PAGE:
Éric Zemmour (pictured), one of the only journalists in France who still speaks freely about the advance of radical Islam, is brought into court at least once a year. The fines imposed on him come to 10,000 euros ($11,800) each time. (Photo by Lionel Bonaventure/AFP via Getty Images)
November 1, 2020. Didier Lemaire, a high school teacher who works in Trappes, a small town west of Paris, published an open letter in the left-wing magazine Le Nouvel Observateur. He spoke of the murder of Samuel Paty, another teacher, savagely beheaded two weeks earlier by a Muslim extremist. He denounced the submission of the French authorities to religious intimidation and the impossibility of the French school system being able to transmit any real knowledge of history or to give students the intellectual means to think freely. He said that in just a few years, the situation in the city where he worked has deteriorated markedly. Lemaire wrote:
“The year I arrived in the high school where I teach, the city’s synagogue had just been burned down and Jewish families forced to leave. After the 2015 and 2016 attacks in France, I got involved in preventive actions…. In 2018, seeing that my efforts collided with forces much more powerful than me, I wrote to the President of the Republic to ask him to act urgently to protect our students from the ideological and social pressure exerted on them, a pressure which gradually withdraws them from the national community. Unfortunately, no action was taken….
“There are currently 400 radicalized people with a S file [dangerous to the security of the state] who roam freely in Trappes…. Thousands of ideologues are at work… fostering a feeling of victimhood [in order] to incite hatred. These ideologues are by no means ‘separatists’: they do not simply want to remove people from the national community, they want to destroy the Republic, democracy and the school system…. Their strategy is to avoid a frontal war, and to multiply acts of terror to exhaust the enemy…. They neutralize danger awareness by using the bad conscience of “progressives”, and by speaking of ‘racism’, ‘injustice’ or ‘police violence’…. They want to reduce women to slavery. They infiltrate schools, universities, the local and national political sphere, by spreading everywhere…the injunction to ‘accept the difference of the other’. They paralyze the will to respond to killings other than with flowers, candles and words…
“We are at the beginning of a war of terror that will amplify because a large part of our fellow citizens prefer not to see that it is our heritage that is threatened. If they were willing to see what is happening, they would have to fight with courage. Samuel Paty had this courage. No doubt, because he cherished our heritage. But he was not protected by the institutions, which underestimated the threat, just as our political representatives and the majority of our citizens do.”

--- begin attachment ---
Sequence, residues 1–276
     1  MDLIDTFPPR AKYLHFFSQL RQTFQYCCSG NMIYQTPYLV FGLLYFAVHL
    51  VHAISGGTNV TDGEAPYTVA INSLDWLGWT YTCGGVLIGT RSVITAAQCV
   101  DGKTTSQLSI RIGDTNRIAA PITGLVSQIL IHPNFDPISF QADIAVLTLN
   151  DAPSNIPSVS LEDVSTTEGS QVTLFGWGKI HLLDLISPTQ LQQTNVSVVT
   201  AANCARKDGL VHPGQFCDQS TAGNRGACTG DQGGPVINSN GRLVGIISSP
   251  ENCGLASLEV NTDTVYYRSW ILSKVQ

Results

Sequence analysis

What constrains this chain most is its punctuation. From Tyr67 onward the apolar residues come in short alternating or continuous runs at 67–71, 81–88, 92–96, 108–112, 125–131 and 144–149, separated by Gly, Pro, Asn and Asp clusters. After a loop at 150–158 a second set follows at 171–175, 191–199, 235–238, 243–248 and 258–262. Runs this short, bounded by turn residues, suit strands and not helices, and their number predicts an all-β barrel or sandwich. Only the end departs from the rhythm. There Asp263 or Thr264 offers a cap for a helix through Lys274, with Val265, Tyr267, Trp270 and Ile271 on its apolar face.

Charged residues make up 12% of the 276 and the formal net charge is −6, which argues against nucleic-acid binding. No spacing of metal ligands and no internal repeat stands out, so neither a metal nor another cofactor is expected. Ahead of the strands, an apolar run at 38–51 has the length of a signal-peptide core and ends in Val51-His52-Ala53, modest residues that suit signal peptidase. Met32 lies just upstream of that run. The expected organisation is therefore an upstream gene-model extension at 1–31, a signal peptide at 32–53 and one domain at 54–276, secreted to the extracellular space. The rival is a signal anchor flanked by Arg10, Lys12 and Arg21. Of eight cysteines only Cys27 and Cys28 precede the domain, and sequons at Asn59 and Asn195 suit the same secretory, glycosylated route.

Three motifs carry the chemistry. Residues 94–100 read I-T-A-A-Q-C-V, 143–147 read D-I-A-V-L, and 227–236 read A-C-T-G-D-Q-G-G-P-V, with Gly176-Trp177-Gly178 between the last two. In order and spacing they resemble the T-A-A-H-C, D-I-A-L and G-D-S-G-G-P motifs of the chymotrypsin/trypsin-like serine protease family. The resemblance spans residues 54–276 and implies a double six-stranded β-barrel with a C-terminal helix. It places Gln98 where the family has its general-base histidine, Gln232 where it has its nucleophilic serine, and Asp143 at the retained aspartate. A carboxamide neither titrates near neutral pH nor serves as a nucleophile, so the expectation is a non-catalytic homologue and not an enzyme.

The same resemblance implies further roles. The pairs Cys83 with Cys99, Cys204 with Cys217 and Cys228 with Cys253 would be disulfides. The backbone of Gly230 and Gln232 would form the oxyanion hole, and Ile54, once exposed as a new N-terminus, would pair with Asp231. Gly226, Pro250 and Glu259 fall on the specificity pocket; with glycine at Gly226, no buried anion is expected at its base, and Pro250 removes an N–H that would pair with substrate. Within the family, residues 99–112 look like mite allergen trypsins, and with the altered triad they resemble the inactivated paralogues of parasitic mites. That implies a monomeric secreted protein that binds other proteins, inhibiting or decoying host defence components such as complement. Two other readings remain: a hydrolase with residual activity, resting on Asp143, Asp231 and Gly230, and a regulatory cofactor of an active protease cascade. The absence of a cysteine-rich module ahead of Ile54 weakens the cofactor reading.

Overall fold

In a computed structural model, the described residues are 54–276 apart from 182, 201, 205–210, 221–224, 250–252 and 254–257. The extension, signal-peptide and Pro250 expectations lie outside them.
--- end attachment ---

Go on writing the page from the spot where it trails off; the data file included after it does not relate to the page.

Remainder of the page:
Although the letter received no reaction from the French authorities, Lemaire, right after its publication, received death threats. He was also aggressively questioned by people on the street who told him that he would suffer the same fate as Paty. While the Ministry of the Interior placed him under police protection, he was harshly criticized by the administrative division: they accused him of creating unrest. “He is irresponsible,” they said. “He throws oil on the fire”. The other teachers at the high school where he taught accused him of attracting attention, thereby endangering them. The city’s mayor, Ali Rabeh, a member of a far-left party, Génération.s, accused him of sullying the city, and filed a defamation suit against him. Lemaire chose to resign.
Many teachers in France face the same situation. Even though some dare to talk about it, they ask, when speaking to journalists, to remain anonymous. They are doubtless scared — a mindset that beheadings are presumably meant to create. There are also teachers who, possibly because they are scared, choose to bow their heads, give up teaching certain subjects and — when students shout anti-Semitic and anti-Western insults — to act as if they hear nothing. It has become almost impossible in most French high schools to talk about either Israel or the Holocaust.
Most journalists seem to prefer avoiding all discussion of the advance of radical Islam in France. They know that those who do so are immediately called “racists” or “Islamophobes” and are often threatened, prosecuted, sentenced to heavy fines or fired from their place of work.